8 Facts About The Gas Leakage That Caused An Evacuation At Tanjong Pagar MRT Station Yesterday

Image: straitstimes.com

Grass is green; water is blue; Goody Feed is an idiotic company; SMRT is in the news.

Image: Tenor

But this time round, it’s not because of flooded tunnels. It’s not even because of the usual suspect Mr Train Delay, because he had an intense stomachache that day. Rather, it’s something we’ve yet to see that often:

A nasty freon gas leak.

I know you’re shocked. So am I. Here are eight facts on why a MRT train has decided to fart during peak hours.

What happened?

On Thursday morning (7 June) at around 9:45 a.m., SMRT staff detected white smoke erupting from beneath the train while it was still docked at Tanjong Pagar MRT station.

This revelation caused the staff to evacuate the passengers, with commuters unceremoniously ejected from the train without any explanation.

Image: Giphy

What was the white smoke all about?

According to Straits Times, SMRT’s preliminary investigations revealed that the leak was actually due to a leaking air-conditioning compressor that supposedly released freon gas.

And in case you have no idea what I’m rambling on about, freon gas is actually a common refrigerant utilised in air-conditioners. And it’s generally non-toxic.

Yes, it’s the gas that air-con servicing technician often spoke about. The one whereby he’ll say, “Oh, need to top up your air-con gas. Got extra charge unless you sign contract.”

However, when mixed with moisture in the air, it becomes an odourless white smoke that you see in every single Michael Bay movie.

But… all the hoo-hah?

If the gas wasn’t toxic, why all the fuss?

Well, as it turns out, extended exposure to the gas (especially when an individual inhales it deeply), could actually cut off oxygen to the cells and lungs.

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Image: Giphy

Yeah, that sounds scary.

But of course, you need to inhale it deeply. Which I think no one in their right mind would do it.

SMRT clarifies

Later on, a SMRT spokesperson clarified the move.

“As a safety precaution, all passengers on board the affected train were asked to alight and board the next train,” said Ms Margaret Teo, vice-president of corporate communications.

She added that the affected train was subsequently retracted from service for further checks.

First Hand Account

The Straits Times spoke to a person who was there, account manager Roland Yeo, and the response was nothing short of informative.

According to the 41-year-old, the platform was “quite smoky”, and the smoke seemed to stem from the rear of the train he was on.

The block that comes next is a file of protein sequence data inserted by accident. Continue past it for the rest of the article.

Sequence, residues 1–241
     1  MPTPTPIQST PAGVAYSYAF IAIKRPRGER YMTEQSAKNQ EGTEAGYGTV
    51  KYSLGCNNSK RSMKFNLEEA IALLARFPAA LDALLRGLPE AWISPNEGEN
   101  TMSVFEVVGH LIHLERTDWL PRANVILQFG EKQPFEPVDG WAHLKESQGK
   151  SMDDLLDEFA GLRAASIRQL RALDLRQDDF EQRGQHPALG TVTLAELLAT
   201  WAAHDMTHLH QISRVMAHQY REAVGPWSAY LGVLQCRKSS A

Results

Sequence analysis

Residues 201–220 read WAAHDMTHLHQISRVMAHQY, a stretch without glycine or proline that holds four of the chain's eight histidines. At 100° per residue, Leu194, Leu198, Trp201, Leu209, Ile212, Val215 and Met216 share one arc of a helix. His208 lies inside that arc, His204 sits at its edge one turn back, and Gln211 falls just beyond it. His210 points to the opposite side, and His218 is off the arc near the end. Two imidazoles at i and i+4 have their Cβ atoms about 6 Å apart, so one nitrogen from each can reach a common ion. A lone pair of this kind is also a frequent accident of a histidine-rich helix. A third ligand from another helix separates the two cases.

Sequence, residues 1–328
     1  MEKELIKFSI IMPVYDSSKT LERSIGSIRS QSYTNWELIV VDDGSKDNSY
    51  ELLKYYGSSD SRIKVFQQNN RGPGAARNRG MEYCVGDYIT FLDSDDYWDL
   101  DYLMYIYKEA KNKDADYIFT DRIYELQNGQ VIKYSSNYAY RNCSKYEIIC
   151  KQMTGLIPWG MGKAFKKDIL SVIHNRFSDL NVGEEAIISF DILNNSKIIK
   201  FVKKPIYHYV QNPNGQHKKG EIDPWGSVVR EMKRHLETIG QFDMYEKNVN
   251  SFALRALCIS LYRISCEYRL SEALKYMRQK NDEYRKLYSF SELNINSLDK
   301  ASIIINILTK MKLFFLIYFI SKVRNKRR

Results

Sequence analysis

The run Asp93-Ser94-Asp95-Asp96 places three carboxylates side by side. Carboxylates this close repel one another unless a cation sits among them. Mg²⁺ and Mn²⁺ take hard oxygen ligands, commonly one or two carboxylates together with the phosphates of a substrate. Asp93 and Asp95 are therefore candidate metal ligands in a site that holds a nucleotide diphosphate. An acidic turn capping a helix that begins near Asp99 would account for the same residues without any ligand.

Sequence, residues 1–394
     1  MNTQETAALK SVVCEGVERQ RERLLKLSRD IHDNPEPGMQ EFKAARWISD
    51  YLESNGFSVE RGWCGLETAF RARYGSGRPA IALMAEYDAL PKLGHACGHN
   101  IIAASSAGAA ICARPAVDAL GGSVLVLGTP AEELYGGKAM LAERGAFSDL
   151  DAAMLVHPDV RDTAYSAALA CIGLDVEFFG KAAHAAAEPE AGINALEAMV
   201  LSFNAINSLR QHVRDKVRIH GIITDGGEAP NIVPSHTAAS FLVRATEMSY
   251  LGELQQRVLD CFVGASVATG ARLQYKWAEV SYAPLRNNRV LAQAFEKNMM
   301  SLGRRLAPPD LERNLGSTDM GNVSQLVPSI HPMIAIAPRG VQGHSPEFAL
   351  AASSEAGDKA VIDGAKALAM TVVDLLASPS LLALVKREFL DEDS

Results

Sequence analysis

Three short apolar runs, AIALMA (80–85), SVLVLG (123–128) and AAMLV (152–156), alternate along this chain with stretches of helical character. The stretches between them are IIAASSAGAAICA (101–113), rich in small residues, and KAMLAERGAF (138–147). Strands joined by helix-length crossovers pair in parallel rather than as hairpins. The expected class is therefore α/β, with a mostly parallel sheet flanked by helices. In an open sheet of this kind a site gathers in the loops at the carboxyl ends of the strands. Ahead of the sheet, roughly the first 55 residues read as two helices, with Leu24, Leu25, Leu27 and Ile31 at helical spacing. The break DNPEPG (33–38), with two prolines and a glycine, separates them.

However, having been in the middle of the train, the smell had not been obvious. In fact, he only noticed the smoke after the train had pulled up at the MRT station and everyone was being rushed off the train.

“After the train stopped, the staff told us to alight quickly without really explaining what had happened,” he said.

“There were also no announcements made, but people started to notice the smoke, so everyone cooperated with the staff.”

Image: GIFER

Chill as a refrigerator

Contrary to what onlookers might think, Tanjong Pagar MRT station didn’t quite get as rushed and packed as the infamous Japan Lunch Time Rush. Which is, lest you’re unaware, pretty much the humanized version of Sardines in a Can.

Image: Spoon University

Adding that the situation at the station was “calm and orderly”, Yeo said that commuters were also hardly affected as they could get on the next train, that came just two minutes later.

Well, that sounds way more efficient than all the “party games” commuters and staff used to play in events of train delay.

Like this.

Image: TODAYonline

Not the first time

It’s not the first time something like this happened. In March this year, a train was actually withdrawn from service after a similar gas leak at Jurong East station. And in May last year (2017), smoke enveloped the Raffles Place station platform.

But it’s surprising how reactions have changed, as a prior incident in August 2016 (in which the same thing happened at Tanjong Pagar MRT station) actually ignited fears of a fire.


After the freon gas leak incident in 2016, SMRT stated that the train’s air-conditioning compressor had overheated after an oil leak, resulting in a projection of freon gas into the platform area.

So if there’s anything, overheating might just be the main culprit this time round again. But we will have to wait till further notice for the real cause of it all.

On another note, we haven’t heard of any significant train delays since 9 April. That’s almost two months, an achievement that should not be glossed over.

Perhaps, just perhaps, this is it?

The golden comeback of SMRT.

Well, damn…

I’m feeling pretty darn optimistic today, huh?

So, what’s Freon gas?

Air-conditions would usually use Freon gas, and that includes the air-conditioner in cars or shopping malls. The name “Freon” is actually a trademark name, sort of like how we always call instant noodles as “Maggi Mee” or plastic containers as “Tupperwave”.

It is four times heavier than air, so it’ll sink to the ground initially.

And of course, air-conditioners are the only appliances that use Freon gas – freezers would also need it as well, so it’s practically everywhere around you.

It’s just always well-contained.

Until yesterday, that is.

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